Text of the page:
NMN: If that heading isn’t provocative enough, here’s another question: is aging actually as natural of a process as we think? In epic literature, long life has always been a topic of interest. The tropes of fountains of youth or elixirs of life are often found in popular media and stories.
But is this fascination simply fiction, or is there scientifically grounded fact somewhere in these stories? Well, you’d be surprised with what aging science has to say. With the COVID-19 pandemic disproportionately affecting people aged 60 and above, researchers and medical practitioners have brought their attention to the question of the aging process. Specifically, should the aging process be considered a disease? A 2015 journal article says it’s about time we did.
Age-Associated Physiological Decline isn’t As Natural As We Think
Recent developments in aging science have found that an essential molecule in our bodies declines in number as our bodies age. We call it nicotinamide adenine dinucleotide, or NAD+. NAD+ is a coenzyme, which means it’s kind of like an assistant to different processes that our bodies need in order to live.
NAD+ is used a lot by proteins like sirtuin and PARPs, which promote DNA repair and energy metabolism. In addition to this, it is also used a lot in metabolic processes and insulin sensitivity. And as we age, NAD+ drastically reduces in number, causing things like cognitive decline and DNA damage, which is a common factor in nearly all age-related diseases. Furthermore, NAD+’s absence compromises vital biological processes that sustain life.
That’s why obesity is much more common as we grow older. We may get metabolic disorders because our bodies can no longer keep up. Obesity leads to cardiovascular diseases like stroke and heart attacks, as well as diabetes. The skeletal muscle is also affected by NAD levels. NAD+ is so important for the immune system. But now that we know the processes that are affected by aging, we can finally do something about it. And that’s what NMN research has done.
It is completely possible to regain NAD+ levels in our bodies
NAD+? But it says NMN on the title? Now, many studies on aged mice have proven effective as essentially a fountain of youth. So is it effective on humans? Well, from the clinical trials, yes, it is.
Many healthy activities we already do naturally increase NAD+ levels in the human body. Exercising regularly and keeping your heart healthy have shown effective regulation of NAD+ in the body. Not to mention NAD+ also naturally occurs in healthy foods like broccoli, avocado, and tomatoes. But is this actually enough, or is there something more we can do? Aging science research has done exactly that, and this is where NMN comes in.
What is NMN? What are the health benefits?
As you cannot take NAD+ raw, researchers have found ways to activate NAD+ in your body. NMN or nicotinamide mononucleotide is a NAD precursor and can be taken through oral administration. It’s biosynthetic and naturally occurs in your body. With it, our bodies will be able to process higher levels of NAD+. Essentially, NMN is a dietary supplement. Immediate benefits seen in trials in older mice are improvements in blood flow and blood pressure.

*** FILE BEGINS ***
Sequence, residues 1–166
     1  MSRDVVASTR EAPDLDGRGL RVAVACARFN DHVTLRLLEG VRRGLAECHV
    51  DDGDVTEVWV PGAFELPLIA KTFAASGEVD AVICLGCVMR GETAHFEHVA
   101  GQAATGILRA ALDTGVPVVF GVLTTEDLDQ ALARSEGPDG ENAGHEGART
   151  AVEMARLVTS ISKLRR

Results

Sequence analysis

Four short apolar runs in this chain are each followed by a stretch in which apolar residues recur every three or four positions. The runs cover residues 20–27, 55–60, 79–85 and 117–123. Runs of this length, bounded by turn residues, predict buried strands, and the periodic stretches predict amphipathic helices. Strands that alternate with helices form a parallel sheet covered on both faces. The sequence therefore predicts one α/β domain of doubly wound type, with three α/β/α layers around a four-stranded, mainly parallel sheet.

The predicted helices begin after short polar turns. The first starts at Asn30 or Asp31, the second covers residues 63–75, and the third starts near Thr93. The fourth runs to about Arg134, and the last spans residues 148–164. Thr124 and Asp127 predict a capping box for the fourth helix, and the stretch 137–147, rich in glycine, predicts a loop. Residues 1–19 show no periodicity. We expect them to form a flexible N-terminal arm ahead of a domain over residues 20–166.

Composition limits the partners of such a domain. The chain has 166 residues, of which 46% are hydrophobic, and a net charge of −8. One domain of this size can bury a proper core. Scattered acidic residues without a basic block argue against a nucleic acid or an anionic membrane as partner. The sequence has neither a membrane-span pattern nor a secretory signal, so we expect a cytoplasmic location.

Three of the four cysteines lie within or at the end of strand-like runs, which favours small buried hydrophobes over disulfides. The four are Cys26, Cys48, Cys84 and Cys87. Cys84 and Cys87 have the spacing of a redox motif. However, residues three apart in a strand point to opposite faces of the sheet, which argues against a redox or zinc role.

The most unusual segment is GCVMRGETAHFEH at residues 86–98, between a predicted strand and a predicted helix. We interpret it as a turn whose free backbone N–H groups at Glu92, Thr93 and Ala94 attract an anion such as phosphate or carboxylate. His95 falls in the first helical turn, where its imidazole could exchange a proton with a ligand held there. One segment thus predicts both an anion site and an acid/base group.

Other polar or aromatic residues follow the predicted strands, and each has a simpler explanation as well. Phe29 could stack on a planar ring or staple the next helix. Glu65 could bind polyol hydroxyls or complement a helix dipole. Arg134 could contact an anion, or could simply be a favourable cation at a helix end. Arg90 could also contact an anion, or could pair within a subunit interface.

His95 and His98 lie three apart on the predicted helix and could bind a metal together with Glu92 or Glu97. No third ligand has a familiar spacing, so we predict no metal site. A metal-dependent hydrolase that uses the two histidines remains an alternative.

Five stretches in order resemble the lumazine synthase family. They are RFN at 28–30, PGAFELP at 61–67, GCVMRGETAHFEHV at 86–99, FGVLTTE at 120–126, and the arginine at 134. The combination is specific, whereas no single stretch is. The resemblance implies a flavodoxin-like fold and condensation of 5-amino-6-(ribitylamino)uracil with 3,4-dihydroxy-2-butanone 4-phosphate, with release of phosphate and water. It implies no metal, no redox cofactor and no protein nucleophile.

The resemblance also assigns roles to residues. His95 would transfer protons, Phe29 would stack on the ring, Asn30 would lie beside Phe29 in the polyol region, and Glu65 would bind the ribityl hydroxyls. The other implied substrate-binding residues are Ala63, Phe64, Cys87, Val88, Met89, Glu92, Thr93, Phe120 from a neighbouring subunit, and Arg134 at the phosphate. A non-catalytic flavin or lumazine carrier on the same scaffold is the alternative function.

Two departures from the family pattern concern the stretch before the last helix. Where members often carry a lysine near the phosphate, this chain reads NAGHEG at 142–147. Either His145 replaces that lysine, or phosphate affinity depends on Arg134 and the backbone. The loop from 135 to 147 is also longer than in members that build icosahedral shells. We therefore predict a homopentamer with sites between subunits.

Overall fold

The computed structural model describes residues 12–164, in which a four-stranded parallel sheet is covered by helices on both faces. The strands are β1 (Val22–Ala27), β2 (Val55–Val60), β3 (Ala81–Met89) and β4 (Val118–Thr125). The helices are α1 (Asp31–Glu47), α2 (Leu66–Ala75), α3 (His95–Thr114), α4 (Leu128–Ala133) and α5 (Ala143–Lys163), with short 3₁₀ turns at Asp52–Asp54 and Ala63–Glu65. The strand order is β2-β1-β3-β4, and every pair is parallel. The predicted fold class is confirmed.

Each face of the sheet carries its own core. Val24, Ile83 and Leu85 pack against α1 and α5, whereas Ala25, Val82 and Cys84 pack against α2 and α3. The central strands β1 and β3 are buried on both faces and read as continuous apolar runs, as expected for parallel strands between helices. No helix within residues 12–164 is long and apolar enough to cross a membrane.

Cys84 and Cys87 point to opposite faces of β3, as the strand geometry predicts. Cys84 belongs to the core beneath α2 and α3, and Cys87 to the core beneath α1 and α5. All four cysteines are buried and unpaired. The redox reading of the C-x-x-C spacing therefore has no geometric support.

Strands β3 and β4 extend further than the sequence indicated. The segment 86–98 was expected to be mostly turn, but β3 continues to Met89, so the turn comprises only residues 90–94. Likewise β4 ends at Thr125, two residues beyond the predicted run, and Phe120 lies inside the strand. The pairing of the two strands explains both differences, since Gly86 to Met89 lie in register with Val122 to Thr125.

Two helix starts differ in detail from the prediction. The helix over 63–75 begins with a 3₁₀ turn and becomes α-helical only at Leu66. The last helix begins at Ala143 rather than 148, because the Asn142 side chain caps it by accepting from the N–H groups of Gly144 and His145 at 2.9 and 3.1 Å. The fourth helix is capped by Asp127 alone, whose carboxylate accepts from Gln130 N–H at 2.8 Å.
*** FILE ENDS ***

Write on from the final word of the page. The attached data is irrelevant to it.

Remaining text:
Now, this is potentially game-changing because NMN supplementation is possibly a long-term solution to fighting diseases and viruses that have yet to have effective cures. Studies have shown that cells that fight the coronavirus in our bodies also use NAD+.
Because sicknesses like COVID-19 affect older individuals, why not combat the aging part? By combating age-related dysfunctions in our bodies, we can stop further infections and even mutations from happening.
Are NMN supplements safe to use for humans?
We’ve talked about mice, but of course, the most important question and the only question that matters is: is it safe? How much NMN can we take? There have already been human clinical trials of NMN in Japan. Even the scientists who research on NMN and NAD+ take it themselves. Currently, although more studies with varying variables are being done, there are no safety concerns with taking the supplements.
At the end of the day, taking nicotinamide mononucleotide is a decision that allows your body to potentially achieve healthy longevity. NMN may just be one of the fountains of youth we’ll see in the future.
The age-related decline is a complex system of things. By changing the way we look at treating diseases, we’ve figured out new ways we can improve life expectancy and even find ways to fight age-related diseases. And in the time of COVID, finding ways to protect our immune system as we age is great.
But please note that this is not a replacement for professional medical advice. If you’re interested in the research, the latest news is available here. Keep yourself updated with the new fascinating discoveries in aging science. Being informed about what you’ll be taking is also a healthy decision for your body.